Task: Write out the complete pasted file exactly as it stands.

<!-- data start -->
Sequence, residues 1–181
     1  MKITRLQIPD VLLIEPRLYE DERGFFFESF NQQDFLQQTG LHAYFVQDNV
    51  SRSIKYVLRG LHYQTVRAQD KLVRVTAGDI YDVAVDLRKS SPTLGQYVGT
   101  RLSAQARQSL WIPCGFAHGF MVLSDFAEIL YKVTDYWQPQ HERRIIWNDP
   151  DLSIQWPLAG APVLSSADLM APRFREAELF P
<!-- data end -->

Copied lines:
Sequence, residues 1–181
     1  MKITRLQIPD VLLIEPRLYE DERGFFFESF NQQDFLQQTG LHAYFVQDNV
    51  SRSIKYVLRG LHYQTVRAQD KLVRVTAGDI YDVAVDLRKS SPTLGQYVGT
   101  RLSAQARQSL WIPCGFAHGF MVLSDFAEIL YKVTDYWQPQ HERRIIWNDP
   151  DLSIQWPLAG APVLSSADLM APRFREAELF P